Bonding: White Fillings

A composite resin filling (white filling) is:

  • mercury free
  • made of a tooth colored plastic mixture filled with glass particles
  • used for restoring decay
  • used for cosmetic improvements
Bonding White Fillings

 

The advantages of white fillings are:

Composite filling integrates with the tooth…it doesn’t weaken the tooth as a silver filling does. We now can make a smaller  hole, since the white material can flow into small places.     Due to the smaller hole, there is more of your own tooth left, leaving it stronger.

  1. Secondary decay is easier to spot beneath tooth colored fillings.
  2. If damaged, they can be easily fixed.
  3. They are temperature and electrical insulators-resistant to extremes of heat and cold.
  4. Environmentally safe-no hazardous metal wastes to dispose of and no risk of mercury allergy.
  5. Allowing us to fix smaller cavities.
  6. You don’t have to wait till a cavity gets “big enough to fill”.
  7. In some cases we can do an almost microscopic filling just when it starts by using air abrasion
    instead of the drill.  These are often done without anesthetic if we catch them early enough.
  8. They are a more natural, attractive choice.
  9. Composites bond to the tooth to support the remaining tooth to help prevent breakage.
  10. Composite insulate the tooth from excessive temperature changes.
  11. Composites (white fillings) last about 8 years with a range of 7-10 years.

Disadvantages:

  1. The presence of saliva can compromise the bonding process.  The tooth require isolation.
  2. Potential to leak.
  3. Many insurance companies do not yet cover them.

How Are They Placed?

The decay is cleaned out leaving a hollow place in the tooth structure

  1. The decayed portions of the the tooth must be removed which leaves a hole that needs to be filled to restore the tooth to its original form and function.
  2. The tooth is prepared and etched with a mild acid solution.   The composite material is hand placed and shaped in layers
  3. Than the composite is placed in layers, using a light specialized to harden each layer.  Curing light used to “harden” the white filling material-composite
  4. When the process is done the filling will be shaped to fit the tooth.   The fillings is smoothed and polished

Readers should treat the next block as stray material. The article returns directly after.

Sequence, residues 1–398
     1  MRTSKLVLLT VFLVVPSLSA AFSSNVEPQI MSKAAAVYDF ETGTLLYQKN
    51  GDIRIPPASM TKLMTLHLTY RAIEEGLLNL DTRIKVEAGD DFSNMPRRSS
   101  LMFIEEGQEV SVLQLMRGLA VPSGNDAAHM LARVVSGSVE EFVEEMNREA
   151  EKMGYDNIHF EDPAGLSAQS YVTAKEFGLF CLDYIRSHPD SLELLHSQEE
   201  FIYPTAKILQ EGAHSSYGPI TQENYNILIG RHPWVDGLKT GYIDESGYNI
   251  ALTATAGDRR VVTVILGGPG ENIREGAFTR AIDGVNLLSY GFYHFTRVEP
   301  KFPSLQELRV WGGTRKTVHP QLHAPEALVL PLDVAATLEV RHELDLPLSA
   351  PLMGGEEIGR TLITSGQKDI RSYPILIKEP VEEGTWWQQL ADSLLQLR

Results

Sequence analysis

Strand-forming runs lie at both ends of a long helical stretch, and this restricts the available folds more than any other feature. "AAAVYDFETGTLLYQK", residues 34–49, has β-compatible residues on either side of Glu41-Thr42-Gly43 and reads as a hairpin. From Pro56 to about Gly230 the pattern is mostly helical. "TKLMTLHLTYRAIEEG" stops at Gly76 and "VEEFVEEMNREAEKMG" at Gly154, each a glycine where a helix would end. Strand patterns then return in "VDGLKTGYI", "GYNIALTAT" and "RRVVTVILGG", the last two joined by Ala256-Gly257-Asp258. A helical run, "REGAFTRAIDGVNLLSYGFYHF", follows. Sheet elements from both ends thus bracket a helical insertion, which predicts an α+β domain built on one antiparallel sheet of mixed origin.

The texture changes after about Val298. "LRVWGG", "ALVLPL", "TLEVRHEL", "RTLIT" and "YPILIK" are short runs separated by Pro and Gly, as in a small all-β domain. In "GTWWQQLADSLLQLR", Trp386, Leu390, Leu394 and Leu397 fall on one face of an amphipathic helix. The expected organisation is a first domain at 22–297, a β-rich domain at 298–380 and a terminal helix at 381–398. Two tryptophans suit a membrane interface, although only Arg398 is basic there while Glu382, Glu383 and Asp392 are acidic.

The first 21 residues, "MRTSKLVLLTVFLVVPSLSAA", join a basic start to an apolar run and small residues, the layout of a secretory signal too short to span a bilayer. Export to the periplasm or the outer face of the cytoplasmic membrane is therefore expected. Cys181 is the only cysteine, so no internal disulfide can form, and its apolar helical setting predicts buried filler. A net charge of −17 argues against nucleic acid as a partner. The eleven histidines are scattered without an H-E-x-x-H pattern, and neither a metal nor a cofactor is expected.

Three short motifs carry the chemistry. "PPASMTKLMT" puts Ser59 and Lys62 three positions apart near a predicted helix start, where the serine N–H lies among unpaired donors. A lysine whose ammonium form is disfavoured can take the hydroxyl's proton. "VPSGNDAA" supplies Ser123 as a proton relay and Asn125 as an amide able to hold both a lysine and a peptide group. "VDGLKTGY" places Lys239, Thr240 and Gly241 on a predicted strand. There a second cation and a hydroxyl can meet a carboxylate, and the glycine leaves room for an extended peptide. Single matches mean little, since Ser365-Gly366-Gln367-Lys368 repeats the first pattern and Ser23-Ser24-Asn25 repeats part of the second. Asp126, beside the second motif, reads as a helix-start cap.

Bonding Placement 1 Bonding Placement 2 Bonding Placement 3 Bonding Placement 4

This filling is than polished to prevent staining and early wear.  It takes the dentist about 10-20 minutes longer to place a composite than a silver filling because larger the size the longer the filling will take.

 

Cost

Vary, but are usually about one and a half to two times more than the price of a silver filling.  Most dental insurance plans cover the cost at the price of a silver filling with patient paying the difference.

 

Disadvantages

Some post operative sensitivity can occur.  The shade of the composite can change due to staining by tea, coffee or other staining foods.  They may to wear out sooner than silver fillings in large cavities however this is changing due to new technology.

 

Home Care

  • Use a neutral sodium fluoride because stannous fluorides can be detrimental or negative effect on composite resins and ceramics.
  • Use a soft toothbrush or electric toothbrush twice a day
  • Floss once a day, before bedtime is the best time to floss.
  • Use an non-abrasive toothpaste like original Crest or Colgate.  Avoid “extra whitening” or   “whitening” toothpaste.  These toothpaste often are very abrasive and can scratch
    restorations.
  • Drink tea, coffee or coke through a straw to avoid staining this material.
  • Alcohol rinses may affect the longevity of a restoration. Alcohol is a solvent of  resin/resin cements/bonding agents. The result is softening of the composite matrix; which may increase our ability to abrade the resin material, making it rougher and more prone to staining and early breakdown. Recommend  switching to alcohol free rinse and mouth
    spray alternatives.